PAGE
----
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Re: Will you ever develop modern-ish twin props ?

Post Thorsten42 »

For sure beauty lies in the eye of the beholder but in my eyes the Aerostar is a really really really nice beauty. And I can't see anything in the lines that is not nice at all? For the older sim guys among us remember there was one in good payware quality (for that time) many years ago in fs9 times and it was such a great fast cruiser. This is an absolut no brainer first day purchase if it will be (hopefully) done...

And now back to praying Dudley's Mantra...

PS: The AS Twotter is not that bad at all why waste resources on that one... and in addition TP is a whole different story.
PPS: If you want a real nice TP get the Dash. Without any question you won't need anything else.

Cheers
Thorsten

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Re: Will you ever develop modern-ish twin props ?

Post n421nj »

It’s nice to hear a twin is in the works (reading between the lines). Sadly it probably won’t be released before Xmas unless it’s already in beta and not announced which is a possibility.
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Simicro
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Re: Will you ever develop modern-ish twin props ?

Post Simicro »

Thorsten42 wrote:And I can't see anything in the lines that is not nice at all?
Just to give you my personal perspective (not intended to debate or to make you change your personal opinion): I find the kind of "nose up" of the Aerostar weird. And the wings... they look like inverted wings.
n421nj wrote:It’s nice to hear a twin is in the works (reading between the lines). Sadly it probably won’t be released before Xmas unless it’s already in beta and not announced which is a possibility.
The Bonanza has just been released so I would understand that if there is a twin in the making, it would not necessarily make it on time for Christmas.
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rod321
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Re: Will you ever develop modern-ish twin props ?

Post rod321 »

I agree, Thorsten

https://www.youtube.com/watch?v=w71giLp6Q4Y

.....and back to praying Dudley's mantra

Rod (EGBB)

MarcE
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Re: Will you ever develop modern-ish twin props ?

Post MarcE »

AKar wrote:To me, this translates to that they didn't care. Today, we've got simulations that bypass almost every aspect that the FSX/P3D platform limits, including the Sticky Ground that some developers get around by unrealistically tweaking the thrust values. If doing it the hard way is necessary for acceptable solution, then I've come to expect it nowadays. Did they model the steering tiller, btw?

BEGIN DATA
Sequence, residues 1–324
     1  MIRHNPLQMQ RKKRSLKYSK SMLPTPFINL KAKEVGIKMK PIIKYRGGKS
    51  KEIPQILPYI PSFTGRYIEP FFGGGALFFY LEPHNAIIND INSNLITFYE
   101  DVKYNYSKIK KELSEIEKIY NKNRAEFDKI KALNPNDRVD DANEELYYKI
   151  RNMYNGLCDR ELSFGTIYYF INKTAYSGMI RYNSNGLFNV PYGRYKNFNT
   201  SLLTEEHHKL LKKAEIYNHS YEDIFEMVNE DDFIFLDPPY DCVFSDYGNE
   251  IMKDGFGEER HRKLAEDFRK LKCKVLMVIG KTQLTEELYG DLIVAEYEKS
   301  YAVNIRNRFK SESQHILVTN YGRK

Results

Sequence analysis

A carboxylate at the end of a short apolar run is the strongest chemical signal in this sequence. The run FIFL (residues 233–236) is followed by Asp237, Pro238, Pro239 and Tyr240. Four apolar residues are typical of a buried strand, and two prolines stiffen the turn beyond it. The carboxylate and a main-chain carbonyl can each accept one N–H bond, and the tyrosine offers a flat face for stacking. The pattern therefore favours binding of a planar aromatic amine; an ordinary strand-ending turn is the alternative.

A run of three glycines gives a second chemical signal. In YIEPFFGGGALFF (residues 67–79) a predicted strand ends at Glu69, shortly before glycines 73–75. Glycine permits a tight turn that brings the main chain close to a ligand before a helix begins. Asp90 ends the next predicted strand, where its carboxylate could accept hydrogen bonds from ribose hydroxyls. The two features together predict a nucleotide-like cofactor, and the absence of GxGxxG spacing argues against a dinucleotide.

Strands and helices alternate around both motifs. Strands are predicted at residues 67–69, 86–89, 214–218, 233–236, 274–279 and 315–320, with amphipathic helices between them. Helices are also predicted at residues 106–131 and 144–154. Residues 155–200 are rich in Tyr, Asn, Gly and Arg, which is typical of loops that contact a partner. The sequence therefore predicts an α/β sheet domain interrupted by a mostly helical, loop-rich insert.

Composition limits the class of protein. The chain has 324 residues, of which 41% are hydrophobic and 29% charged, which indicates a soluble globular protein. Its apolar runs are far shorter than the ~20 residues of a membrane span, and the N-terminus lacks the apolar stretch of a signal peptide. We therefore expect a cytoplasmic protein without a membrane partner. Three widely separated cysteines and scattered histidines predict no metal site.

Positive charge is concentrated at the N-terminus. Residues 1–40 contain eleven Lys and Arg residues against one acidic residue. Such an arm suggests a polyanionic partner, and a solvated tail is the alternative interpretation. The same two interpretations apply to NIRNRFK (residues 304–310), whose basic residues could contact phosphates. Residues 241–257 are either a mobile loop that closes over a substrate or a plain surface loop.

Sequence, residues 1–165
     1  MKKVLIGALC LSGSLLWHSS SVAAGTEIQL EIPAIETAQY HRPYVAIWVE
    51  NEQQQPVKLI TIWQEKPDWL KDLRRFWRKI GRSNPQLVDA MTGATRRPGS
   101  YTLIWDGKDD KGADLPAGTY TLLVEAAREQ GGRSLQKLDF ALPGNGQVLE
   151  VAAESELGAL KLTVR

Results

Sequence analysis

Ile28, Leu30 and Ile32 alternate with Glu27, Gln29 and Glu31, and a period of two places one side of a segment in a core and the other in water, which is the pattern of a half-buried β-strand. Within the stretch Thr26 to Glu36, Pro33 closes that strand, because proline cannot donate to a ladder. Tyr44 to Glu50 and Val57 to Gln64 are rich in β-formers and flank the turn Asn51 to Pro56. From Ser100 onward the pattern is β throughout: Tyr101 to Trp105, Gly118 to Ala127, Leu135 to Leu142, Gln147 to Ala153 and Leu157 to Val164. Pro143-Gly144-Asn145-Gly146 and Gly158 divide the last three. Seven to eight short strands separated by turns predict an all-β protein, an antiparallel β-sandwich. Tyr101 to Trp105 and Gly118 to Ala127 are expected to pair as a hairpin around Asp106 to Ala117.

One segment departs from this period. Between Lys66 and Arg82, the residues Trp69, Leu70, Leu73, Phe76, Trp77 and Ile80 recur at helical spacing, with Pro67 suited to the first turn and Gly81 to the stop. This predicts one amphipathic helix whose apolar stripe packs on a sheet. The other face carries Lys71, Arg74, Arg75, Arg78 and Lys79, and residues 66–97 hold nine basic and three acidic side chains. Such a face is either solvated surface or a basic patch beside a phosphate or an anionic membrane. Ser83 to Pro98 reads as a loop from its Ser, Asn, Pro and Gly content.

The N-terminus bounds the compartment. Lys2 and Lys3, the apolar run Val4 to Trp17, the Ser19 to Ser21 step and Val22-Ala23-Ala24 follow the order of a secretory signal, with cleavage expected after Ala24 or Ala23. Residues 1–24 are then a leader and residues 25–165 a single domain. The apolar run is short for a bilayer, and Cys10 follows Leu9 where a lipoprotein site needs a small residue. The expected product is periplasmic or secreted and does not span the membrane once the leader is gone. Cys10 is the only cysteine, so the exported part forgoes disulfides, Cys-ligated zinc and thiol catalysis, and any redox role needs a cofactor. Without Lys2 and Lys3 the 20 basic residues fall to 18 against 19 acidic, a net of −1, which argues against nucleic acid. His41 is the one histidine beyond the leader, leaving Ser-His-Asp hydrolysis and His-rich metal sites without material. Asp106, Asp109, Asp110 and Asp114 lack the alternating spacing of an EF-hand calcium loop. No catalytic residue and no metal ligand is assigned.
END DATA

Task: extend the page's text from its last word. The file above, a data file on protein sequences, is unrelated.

To me, this translates to that they didn't care.
Definitely. I was bringing up the Twotter as an example in the PMDG forum on another topic complaining about the ground handling when the not so amused developer of the airplane jumped in. He explained to me that the reason was more or less the aimed prizing and that for that money we got a lot of aircraft. I somehow agree to that, but in my opinion quality needs to come before quantity.. One model properly made could be sold for the same money. The Twotter's avionics aren't that complex that we would end up at 80$ like the Q400. 30 or 40$ could easily cover the development of a proper engine AND ground model. But... that's aerosoft.. I'm done with them for other reasons anyway.

Did they model the steering tiller, btw?
Not sure anymore. I know that the tiller moves, but I can't recall if you could assign it to a seperate axis.


Regarding the pressurization:

I would really love to see A2A to turn the hypoxia off for the GA fleet. I know that this is a realism factor with Accusim but as long as there is no oxygen system available they could assume that we just have one on board. A friend of mine sometimes has the opportunity to fly a Mooney M20 and he always has one with him. He did a flight across the Alps and over 10000 you're required to use it anyway. There's not much to know about. Use it, don't use it. Those handheld systems are pretty straight forward today. But I really don't understand why A2A gives those planes to us being able to climb to 18000 but don't include some oxygen. I would love to cross the Andes or the Rockies with the Bo. Or the 182... The P51, Spit and so on do have Oxygen on board. And with a twin prop those altitudes become even more realistic.
An antique aircraft is like your best friend's wife:
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AKar
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Re: Will you ever develop modern-ish twin props ?

Post AKar »

MarcE wrote:But I really don't understand why A2A gives those planes to us being able to climb to 18000 but don't include some oxygen. I would love to cross the Andes or the Rockies with the Bo. Or the 182...
To me, the altitude window of naturally aspirated airplanes has always been something like 10000 ft and under. Yes, they can reach higher, but up from around 6000...8000 ft they already breath in all the air they can and get increasingly asthmatic climbing higher. Cruise performance unavoidably suffers from thereon, albeit for range records or something, miles per gallon figures get somewhat better climbing higher.

I've not done the Andes yet, but have crossed the Rockies several times with Comanche and Bonanza. I haven't climbed higher than 9500 ft on those trips, and mostly did 6500 ft to 8500 ft. 8)

-Esa

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Nick - A2A
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Re: Will you ever develop modern-ish twin props ?

Post Nick - A2A »

MarcE wrote:I would really love to see A2A to turn the hypoxia off for the GA fleet.
Marc - do you happen to own a registered copy of FSUIPC?

Thanks,
Nick